If you have a personal 3D printer, or are in the market for one, you are likely aware that the two most dominant printing materials are PLA and ABS filaments. Nearly every printer on the market prints in one or both of these materials and because of this you might want to know what differentiates the two and/or which material will be best for use by you.
This article will discuss the few similarities and many differences between the two most widely used plastic filaments for 3D printing.
Similarities Between ABS and PLA
While ABS and PLA filaments are the two most popular on the market, they are only two of many materials that are being explored and used in the 3D printing process. These two filaments can be categorized as thermoplastics in that they are soft and easily molded when heated up, and able to return to a strong solid when cooled down. In fact, many of the plastics you come into contact with on a daily basis are considered to be thermoplastics.
Though there are countless types of thermoplastics, this does not mean they are all viable for 3D printing. In order to be considered viable for 3D printing the material has to pass three basic tests; extrusion into a plastic filament, follow-up extrusion and binding during printing, and end-use application (does the final product fulfill its intended use?).
Being able to turn the plastic resin into plastic filament is the first and arguably most important test that these filaments must pass. Without the ability to be transformed from plastic powder to a plastic object the whole 3D printing process is put to a halt. As far as this test is concerned, both ABS and PLA filaments are more or less the same in that they are easily turned from resin into viable objects that are accurately printed, strong, and durable.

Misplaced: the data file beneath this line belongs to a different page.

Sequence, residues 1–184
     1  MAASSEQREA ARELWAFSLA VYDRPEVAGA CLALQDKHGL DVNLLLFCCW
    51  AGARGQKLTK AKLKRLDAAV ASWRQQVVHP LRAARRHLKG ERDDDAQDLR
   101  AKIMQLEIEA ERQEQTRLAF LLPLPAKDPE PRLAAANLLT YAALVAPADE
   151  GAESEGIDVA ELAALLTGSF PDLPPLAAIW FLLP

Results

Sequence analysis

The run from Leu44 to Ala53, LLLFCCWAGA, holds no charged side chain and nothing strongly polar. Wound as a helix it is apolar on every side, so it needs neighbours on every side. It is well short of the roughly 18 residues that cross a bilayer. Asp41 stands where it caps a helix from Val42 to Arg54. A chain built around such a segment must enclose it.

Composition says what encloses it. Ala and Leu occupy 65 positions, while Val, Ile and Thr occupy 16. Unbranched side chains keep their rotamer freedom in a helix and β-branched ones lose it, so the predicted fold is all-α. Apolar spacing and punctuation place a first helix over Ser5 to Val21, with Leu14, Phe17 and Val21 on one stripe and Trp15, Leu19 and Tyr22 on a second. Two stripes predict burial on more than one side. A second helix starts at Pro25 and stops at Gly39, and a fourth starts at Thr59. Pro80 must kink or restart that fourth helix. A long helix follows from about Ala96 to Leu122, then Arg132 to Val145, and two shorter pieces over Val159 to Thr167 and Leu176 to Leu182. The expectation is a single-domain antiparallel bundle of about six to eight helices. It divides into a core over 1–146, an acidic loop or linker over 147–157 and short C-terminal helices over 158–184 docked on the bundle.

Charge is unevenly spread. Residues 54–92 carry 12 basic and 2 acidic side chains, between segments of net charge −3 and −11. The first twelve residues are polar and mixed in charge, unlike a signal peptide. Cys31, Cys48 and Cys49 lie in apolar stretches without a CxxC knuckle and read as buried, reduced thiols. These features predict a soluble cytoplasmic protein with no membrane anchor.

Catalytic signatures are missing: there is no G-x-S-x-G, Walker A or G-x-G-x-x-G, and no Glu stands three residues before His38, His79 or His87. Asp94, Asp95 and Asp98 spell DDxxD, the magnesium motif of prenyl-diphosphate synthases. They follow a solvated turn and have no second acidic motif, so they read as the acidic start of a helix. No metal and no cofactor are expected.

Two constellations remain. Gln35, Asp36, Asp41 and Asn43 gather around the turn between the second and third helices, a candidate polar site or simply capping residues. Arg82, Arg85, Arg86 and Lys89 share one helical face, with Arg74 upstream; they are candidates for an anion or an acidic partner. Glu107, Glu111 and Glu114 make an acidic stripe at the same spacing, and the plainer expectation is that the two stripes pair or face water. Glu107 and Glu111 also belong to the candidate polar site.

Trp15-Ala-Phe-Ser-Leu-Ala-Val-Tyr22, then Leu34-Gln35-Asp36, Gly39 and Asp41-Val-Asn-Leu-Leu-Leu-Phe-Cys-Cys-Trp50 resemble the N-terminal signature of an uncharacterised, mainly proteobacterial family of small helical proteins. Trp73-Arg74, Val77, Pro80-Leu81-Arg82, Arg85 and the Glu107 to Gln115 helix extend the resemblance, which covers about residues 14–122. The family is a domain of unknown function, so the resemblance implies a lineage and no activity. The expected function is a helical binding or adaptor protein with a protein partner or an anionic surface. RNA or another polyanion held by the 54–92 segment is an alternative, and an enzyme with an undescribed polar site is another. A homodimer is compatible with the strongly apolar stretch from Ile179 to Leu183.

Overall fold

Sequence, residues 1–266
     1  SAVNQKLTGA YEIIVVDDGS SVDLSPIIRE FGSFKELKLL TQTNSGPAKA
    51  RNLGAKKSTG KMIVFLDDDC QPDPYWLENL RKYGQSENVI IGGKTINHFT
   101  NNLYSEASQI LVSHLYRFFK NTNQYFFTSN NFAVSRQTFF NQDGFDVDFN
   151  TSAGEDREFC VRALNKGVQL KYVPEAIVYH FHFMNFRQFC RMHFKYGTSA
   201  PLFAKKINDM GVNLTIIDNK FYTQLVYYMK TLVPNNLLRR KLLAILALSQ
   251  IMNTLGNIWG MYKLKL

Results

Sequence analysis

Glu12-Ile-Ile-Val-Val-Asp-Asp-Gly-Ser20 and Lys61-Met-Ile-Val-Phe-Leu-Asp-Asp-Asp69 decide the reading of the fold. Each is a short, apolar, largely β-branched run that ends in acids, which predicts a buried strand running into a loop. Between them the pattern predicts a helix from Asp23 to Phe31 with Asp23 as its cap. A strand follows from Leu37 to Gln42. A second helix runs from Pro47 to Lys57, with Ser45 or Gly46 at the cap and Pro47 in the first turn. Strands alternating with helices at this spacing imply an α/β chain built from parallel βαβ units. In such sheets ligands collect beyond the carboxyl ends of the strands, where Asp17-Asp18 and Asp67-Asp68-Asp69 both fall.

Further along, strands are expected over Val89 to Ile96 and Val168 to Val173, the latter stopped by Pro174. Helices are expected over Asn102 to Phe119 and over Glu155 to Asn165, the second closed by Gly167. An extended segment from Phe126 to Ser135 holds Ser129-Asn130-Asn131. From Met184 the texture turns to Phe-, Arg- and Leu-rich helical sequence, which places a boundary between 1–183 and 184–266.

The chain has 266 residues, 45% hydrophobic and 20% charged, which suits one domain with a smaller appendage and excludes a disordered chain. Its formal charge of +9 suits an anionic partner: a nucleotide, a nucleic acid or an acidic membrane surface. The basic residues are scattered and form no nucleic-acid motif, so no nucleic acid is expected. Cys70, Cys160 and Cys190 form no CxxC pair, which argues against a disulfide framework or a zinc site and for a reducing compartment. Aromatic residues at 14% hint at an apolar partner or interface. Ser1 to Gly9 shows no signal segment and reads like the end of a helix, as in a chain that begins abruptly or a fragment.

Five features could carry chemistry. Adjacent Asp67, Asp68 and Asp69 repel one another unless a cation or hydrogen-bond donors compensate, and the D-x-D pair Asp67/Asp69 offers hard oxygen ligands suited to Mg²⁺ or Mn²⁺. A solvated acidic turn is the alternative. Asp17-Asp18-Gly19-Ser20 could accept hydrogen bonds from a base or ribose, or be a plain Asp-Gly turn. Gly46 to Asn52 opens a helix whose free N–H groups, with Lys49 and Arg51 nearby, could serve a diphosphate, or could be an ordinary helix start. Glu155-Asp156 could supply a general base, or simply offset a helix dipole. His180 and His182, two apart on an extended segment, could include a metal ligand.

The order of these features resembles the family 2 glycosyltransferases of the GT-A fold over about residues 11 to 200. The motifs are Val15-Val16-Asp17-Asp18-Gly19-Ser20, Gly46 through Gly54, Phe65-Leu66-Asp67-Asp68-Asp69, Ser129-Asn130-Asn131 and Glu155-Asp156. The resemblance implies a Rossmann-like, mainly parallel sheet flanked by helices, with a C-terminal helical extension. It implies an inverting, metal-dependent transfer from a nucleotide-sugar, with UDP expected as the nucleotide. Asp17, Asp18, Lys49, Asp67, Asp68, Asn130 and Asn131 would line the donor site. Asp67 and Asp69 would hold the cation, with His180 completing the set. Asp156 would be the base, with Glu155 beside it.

Though ABS and PLA filaments are highly similar when it comes to transforming them from resin state to hard plastic state, that is where the similarities more or less end.
When storing either ABS or PLA before use, it is always recommended that you harbor them in a place that avoids direct contact with the atmosphere as absorption of moisture from the air can negatively affect the filament’s quality.
If ABS filament is harmed in any way by moisture it tends to bubble and spray from the printing nozzle during production. This can affect the visual accuracy of the item you are printing as well as the accuracy of the object’s formation and can even clog the printing nozzle. You should be aware, however, that if your ABS filament does come in contact with moisture it can be easily dried by way of hot, dry air from something like a hair dryer or food processor.
PLA reacts differently to moisture in that it can negatively alter the color of the filament as well as reduce or change the properties of the item you are printing. While over-moisturized PLA filament can be dried in much that same way as ABS, it should be noted that drying it sometimes causes an alteration in the crystallinity ratio which can change the extrusion temperature and characteristics of the filament.
To be fair, both of these filaments have risen to their current status as being the best filaments in the industry because they are able to produce highly accurate objects. With that being said, however, there are a few things to look out for that can undesirably alter the end product.
ABS filaments are known to curl and become distorted when the hot plastic comes in contact with a cooler printing bed. While this is an obstacle encountered by many, having a heated printing bed that is clean, flat, and well-maintained works wonders when it comes to avoiding the curling of the edges of your final product.